A new study suggests that antibiotics may reduce the efficacy of immune checkpoint inhibitors (ICIs) in older patients with cancer, but this depends on the type of cancer, antibiotic, and ICI in question.
The study showed that exposure to fluoroquinolones before starting ICI therapy was associated with worse overall survival (OS), but there was no such association for penicillin or cephalosporin exposure.
Fluoroquinolone exposure was associated with worse OS in patients treated with nivolumab or pembrolizumab but not in those who received ipilimumab. And fluoroquinolone exposure was associated with worse OS in patients with lung cancer or melanoma but not those with renal cancer.
These findings were published in the Journal of Clinical Oncology.
This retrospective study included 2737 cancer patients (age 65 and older) who began treatment with ICIs between June 2012 and October 2018. The median age of the cohort was 73 years. Patients had lung cancer (53%), melanoma (34%), renal cancer (7%), bladder cancer (3%), head and neck cancer (2%), and other cancers (2%).
The most commonly used ICIs were nivolumab alone (43%), pembrolizumab alone (41%), and ipilimumab alone (13%). Most patients (59%) were exposed to antibiotics in the year before starting ICI therapy, and 19% were exposed within 60 days before ICI initiation. Antibiotic exposure was defined as filling at least 1 prescription within the designated time period.
Results by Type of Antibiotic and ICI
In a multivariate analysis, antibiotic exposure up to 1 year before starting ICI therapy was significantly associated with worse OS (adjusted hazard ratio [aHR], 1.12; 95% CI, 1.01-1.24; P =.03).
This result appeared to be driven by an association between worse OS and fluoroquinolone exposure within 1 year prior to starting ICI therapy (aHR, 1.26; 95% CI, 1.13-1.40; P <.001). There was no association between penicillin or cephalosporin exposure and OS.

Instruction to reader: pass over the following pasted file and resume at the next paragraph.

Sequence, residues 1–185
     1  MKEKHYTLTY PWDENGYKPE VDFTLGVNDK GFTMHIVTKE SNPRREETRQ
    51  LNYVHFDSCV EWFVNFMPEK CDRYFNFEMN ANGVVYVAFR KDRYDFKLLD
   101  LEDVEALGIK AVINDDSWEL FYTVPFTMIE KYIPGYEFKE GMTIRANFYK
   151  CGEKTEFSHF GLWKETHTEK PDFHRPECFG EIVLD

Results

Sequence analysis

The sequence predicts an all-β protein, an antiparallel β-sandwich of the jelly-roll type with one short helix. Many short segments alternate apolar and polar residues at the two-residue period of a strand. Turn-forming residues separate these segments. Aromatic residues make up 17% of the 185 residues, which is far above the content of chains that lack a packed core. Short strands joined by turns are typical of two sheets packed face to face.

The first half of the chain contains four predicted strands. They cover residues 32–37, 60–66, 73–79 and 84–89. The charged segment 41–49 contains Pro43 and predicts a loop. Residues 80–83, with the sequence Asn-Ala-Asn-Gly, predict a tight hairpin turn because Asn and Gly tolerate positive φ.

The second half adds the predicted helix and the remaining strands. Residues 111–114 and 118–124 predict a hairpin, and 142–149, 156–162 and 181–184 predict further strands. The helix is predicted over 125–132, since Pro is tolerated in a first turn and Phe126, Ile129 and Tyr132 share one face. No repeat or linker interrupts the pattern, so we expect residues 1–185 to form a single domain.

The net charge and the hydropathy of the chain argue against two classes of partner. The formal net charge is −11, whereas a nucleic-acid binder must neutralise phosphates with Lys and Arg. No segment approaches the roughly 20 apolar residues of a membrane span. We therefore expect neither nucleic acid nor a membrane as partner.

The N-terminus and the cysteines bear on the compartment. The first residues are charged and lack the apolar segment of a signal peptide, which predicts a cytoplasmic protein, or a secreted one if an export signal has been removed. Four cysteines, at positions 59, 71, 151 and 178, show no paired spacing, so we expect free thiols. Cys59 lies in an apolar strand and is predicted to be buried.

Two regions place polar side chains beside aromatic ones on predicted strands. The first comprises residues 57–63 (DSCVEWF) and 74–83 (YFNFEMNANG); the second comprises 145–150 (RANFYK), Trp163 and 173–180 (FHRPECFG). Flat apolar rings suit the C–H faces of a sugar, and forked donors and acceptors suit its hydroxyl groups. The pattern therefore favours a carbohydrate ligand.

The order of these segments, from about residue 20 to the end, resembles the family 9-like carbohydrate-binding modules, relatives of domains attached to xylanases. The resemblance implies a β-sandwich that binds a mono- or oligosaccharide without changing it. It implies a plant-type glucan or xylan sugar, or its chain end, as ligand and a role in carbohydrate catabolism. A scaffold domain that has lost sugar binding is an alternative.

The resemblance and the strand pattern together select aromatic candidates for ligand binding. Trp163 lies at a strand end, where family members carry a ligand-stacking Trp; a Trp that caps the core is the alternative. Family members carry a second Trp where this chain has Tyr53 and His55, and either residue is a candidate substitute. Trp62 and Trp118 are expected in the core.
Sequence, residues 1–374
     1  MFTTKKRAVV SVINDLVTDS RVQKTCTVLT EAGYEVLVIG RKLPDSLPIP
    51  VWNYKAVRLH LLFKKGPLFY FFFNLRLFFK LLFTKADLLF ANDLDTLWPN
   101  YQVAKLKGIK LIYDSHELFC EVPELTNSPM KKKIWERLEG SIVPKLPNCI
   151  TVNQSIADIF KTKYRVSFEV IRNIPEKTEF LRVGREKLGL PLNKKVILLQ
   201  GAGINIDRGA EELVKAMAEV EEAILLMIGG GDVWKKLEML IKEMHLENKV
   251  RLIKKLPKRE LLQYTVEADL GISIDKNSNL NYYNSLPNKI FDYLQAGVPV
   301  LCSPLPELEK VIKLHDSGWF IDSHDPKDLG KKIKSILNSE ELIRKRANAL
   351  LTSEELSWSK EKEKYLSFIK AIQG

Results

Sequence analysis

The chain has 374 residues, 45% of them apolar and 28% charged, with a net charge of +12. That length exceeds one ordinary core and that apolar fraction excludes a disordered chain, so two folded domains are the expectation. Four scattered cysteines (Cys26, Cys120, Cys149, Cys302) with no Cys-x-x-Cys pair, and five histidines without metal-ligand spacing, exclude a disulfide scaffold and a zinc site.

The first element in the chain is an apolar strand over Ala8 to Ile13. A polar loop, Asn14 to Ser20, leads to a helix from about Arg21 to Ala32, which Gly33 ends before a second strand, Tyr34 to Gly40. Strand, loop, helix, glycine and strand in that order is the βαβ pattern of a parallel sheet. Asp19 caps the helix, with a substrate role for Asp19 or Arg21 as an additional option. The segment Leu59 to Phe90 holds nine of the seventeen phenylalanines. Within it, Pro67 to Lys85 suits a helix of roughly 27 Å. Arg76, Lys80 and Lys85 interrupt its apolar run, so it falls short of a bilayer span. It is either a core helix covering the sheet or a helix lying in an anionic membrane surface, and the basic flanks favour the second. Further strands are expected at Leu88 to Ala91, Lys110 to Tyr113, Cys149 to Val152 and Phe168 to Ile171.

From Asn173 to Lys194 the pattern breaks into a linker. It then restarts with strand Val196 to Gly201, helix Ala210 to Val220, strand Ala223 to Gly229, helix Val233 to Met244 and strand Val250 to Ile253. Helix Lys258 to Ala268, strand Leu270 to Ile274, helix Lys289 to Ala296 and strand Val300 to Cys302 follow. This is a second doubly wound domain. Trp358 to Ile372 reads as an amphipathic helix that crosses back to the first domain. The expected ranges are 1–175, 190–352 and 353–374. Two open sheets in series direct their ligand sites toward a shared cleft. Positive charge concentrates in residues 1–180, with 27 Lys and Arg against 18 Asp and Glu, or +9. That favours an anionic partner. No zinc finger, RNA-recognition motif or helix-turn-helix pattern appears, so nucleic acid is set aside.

The association between worse OS and fluoroquinolone exposure up to 1 year before ICI treatment was present for patients treated with nivolumab or pembrolizumab (aHR, 1.28; 95% CI, 1.15-1.44; P <.001) but not ipilimumab (aHR, 1.00; 95% CI, 0.70-1.44; P =.98).
Results by Cancer Type
When the researchers looked at outcomes by cancer type, they found no association between OS and antibiotic exposure within 1 year or 60 days in lung cancer, melanoma, or renal cancer. Likewise, there were no associations between OS and penicillin or cephalosporin exposure across cancer types.
There was an association between worse OS and fluoroquinolone exposure up to 1 year before ICI treatment for patients with lung cancer (aHR, 1.22; 95% CI, 1.06-1.39; P =.005) but not for those with melanoma or renal cancer.
There was also an association between worse OS and fluoroquinolone exposure within 60 days before ICI treatment for patients with melanoma (aHR, 1.66; 95% CI, 1.12-2.47; P =.01) but not for those with lung cancer or renal cancer.
“In this population-level study, exposure to antibiotics and specifically fluoroquinolones before ICI therapy was observed to be associated with worse OS among older adults with cancer,” the researchers concluded. “Interventions aimed at altering the gut microbiome to boost immunogenicity may help improve outcomes for patients receiving ICIs with prior antibiotic exposure.”
Disclosures: Some study authors declared affiliations with biotech, pharmaceutical, and/or device companies. Please see the original reference for a full list of disclosures.
Eng L, Sutradhar R, Niu Y, et al. Impact of antibiotic exposure before immune checkpoint inhibitor treatment on overall survival in older adults with cancer: A population-based study. J Clin Oncol. Published online February 24, 2023. doi:10.1200/JCO.22.00074